I don’t know the species of either the butterfly or the ant in this video taken in Peru, but the interactions are complex.
One level is probable mutualism between the ants and the caterpillars. Although the authors don’t mention this for these species, there are a lot of caterpillar species that are guarded and protected by ant species. In these cases, the caterpillar, after nomming vegetation, secretes a sugary exudate that the ants feed on, and in return the ants keep the caterpillar safe from some predators. I suspect that’s what’s going on here; see the second video for such a case.
As for the adult butterfly “parasitizing” the ants, I’m not sure that’s what’s going on—unless the ants inadvertently signal to the adult butterflies that there’s nectar at the tip of the bamboo. Otherwise, it’s just competition for food. One puzzle is why the ants allow the butterfly to feed near them without driving them away.
While the butterfly wing patterns may mimic the ants, if that’s the case it may not be to fool the ants into accepting them (ants have lousy vision), but to fool predators who are wary of stinging ants. However, the mimicry is not that great. Another possibility is that the ants accept the adult butterflies because they’re going to lay eggs that produce the caterpillars that in turn exude that delicious nectar. And that would be a convoluted form of mutualism. It’s all very complicated, and I haven’t seen any papers on what’s shown in the video.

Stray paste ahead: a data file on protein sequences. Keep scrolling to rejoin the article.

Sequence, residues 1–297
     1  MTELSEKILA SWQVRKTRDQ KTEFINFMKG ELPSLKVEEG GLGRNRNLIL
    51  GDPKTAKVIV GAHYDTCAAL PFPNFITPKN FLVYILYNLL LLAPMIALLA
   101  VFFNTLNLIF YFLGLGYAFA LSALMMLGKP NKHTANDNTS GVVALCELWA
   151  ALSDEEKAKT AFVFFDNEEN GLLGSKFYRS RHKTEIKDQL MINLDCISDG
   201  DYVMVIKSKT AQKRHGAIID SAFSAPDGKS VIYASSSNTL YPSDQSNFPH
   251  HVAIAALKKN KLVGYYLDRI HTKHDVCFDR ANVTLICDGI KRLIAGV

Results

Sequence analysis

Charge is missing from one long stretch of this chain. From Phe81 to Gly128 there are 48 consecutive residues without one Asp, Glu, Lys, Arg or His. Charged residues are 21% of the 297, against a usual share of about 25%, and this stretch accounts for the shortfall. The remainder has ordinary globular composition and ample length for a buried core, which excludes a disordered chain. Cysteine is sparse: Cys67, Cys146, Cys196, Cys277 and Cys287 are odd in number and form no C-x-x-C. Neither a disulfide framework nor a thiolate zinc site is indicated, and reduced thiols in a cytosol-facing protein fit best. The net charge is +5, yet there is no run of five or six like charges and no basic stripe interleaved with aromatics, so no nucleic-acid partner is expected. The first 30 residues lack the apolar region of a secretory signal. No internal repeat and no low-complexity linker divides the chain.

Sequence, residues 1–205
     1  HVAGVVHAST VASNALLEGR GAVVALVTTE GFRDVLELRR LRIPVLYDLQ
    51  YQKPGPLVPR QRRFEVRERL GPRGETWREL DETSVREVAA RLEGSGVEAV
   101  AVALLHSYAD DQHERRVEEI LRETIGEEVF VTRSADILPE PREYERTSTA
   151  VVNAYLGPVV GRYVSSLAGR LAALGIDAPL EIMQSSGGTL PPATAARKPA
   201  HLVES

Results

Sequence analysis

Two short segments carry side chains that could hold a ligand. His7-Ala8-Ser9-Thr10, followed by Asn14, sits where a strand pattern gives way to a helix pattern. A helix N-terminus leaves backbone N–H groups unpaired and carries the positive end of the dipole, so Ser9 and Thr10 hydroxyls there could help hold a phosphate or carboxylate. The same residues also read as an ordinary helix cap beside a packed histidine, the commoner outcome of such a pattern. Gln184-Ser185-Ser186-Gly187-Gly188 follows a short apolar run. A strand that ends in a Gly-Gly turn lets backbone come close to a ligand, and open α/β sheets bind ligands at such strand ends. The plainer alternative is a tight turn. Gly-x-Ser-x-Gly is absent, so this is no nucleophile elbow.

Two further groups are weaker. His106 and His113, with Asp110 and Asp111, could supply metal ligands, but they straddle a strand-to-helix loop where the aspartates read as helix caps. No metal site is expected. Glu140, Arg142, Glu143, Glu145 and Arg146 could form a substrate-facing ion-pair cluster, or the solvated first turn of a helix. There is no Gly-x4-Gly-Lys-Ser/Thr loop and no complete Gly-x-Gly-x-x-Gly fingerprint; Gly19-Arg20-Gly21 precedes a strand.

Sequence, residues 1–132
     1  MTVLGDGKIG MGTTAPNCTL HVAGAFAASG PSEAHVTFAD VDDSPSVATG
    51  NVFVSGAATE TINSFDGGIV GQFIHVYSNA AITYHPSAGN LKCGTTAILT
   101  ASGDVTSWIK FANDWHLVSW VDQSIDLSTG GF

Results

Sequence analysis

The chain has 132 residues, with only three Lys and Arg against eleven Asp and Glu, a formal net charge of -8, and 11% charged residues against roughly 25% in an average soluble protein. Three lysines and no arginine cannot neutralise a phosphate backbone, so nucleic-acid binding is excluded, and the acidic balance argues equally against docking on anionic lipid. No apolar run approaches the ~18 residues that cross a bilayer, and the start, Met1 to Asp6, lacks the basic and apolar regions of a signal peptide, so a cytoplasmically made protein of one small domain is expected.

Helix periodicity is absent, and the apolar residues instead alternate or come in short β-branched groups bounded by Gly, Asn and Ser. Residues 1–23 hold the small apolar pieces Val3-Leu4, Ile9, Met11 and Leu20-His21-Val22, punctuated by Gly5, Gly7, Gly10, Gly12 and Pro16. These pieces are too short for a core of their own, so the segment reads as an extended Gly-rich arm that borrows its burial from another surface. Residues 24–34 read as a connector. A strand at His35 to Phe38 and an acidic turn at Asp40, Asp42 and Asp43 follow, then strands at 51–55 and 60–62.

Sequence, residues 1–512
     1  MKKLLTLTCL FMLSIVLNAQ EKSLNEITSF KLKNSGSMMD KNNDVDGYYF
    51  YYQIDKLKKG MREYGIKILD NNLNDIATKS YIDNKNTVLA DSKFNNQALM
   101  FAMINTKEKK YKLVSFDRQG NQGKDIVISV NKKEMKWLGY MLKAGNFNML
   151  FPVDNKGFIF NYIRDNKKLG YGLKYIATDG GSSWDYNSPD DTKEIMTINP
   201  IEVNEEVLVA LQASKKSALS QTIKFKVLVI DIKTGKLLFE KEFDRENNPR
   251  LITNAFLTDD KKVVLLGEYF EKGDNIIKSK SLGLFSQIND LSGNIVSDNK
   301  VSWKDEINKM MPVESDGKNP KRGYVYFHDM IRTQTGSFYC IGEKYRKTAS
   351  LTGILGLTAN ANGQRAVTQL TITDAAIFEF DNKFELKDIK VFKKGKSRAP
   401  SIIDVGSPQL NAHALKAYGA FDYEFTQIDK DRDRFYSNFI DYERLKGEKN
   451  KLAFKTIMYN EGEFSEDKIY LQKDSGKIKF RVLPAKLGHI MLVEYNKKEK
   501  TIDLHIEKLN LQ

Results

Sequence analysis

The notes from the YouTube video:
A walk through the woods in the Tambopata Amazon Rainforest can turn into a discovery of a never-before-seen behavior! Aaron Pomerantz (@nextgenscientist) and I (@phil_torres) collaborated on project to solve the mystery behind this incredible butterfly.
Here’s a short video on an ant/caterpillar mutualism, which also involves the evolution of auditory signals in the caterpillar. Remember, evolution is cleverer than you are.